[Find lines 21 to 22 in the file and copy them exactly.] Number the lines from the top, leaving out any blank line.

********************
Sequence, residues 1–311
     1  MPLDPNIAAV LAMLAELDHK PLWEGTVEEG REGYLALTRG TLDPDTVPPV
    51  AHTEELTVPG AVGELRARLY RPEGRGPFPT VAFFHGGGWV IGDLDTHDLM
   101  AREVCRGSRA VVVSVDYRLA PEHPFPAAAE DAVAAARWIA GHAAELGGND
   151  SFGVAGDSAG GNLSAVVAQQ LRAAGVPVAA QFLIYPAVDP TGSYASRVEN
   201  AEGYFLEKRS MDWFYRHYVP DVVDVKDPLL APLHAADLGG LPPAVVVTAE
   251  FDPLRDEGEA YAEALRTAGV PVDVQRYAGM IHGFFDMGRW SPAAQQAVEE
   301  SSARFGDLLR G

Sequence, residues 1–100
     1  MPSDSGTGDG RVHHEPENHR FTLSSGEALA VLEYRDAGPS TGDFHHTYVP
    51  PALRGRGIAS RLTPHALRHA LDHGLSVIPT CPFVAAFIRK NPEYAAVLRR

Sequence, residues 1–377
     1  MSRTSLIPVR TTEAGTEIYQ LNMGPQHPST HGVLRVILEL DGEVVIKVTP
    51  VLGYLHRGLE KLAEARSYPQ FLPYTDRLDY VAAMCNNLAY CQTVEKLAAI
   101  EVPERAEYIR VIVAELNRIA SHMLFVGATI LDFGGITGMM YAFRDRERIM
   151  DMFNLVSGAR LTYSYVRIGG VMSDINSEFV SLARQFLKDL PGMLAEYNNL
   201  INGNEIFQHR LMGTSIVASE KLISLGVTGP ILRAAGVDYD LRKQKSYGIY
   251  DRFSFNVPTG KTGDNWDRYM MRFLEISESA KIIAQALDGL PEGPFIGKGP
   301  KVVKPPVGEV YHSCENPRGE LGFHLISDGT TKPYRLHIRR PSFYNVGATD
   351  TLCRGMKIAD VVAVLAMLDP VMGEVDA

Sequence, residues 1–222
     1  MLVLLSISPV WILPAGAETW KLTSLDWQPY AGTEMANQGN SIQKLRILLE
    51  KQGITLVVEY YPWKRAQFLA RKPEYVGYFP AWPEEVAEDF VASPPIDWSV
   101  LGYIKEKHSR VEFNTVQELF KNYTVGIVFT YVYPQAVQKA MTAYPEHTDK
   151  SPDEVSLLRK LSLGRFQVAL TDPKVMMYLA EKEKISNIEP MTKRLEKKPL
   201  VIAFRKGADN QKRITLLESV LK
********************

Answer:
Sequence, residues 1–222
     1  MLVLLSISPV WILPAGAETW KLTSLDWQPY AGTEMANQGN SIQKLRILLE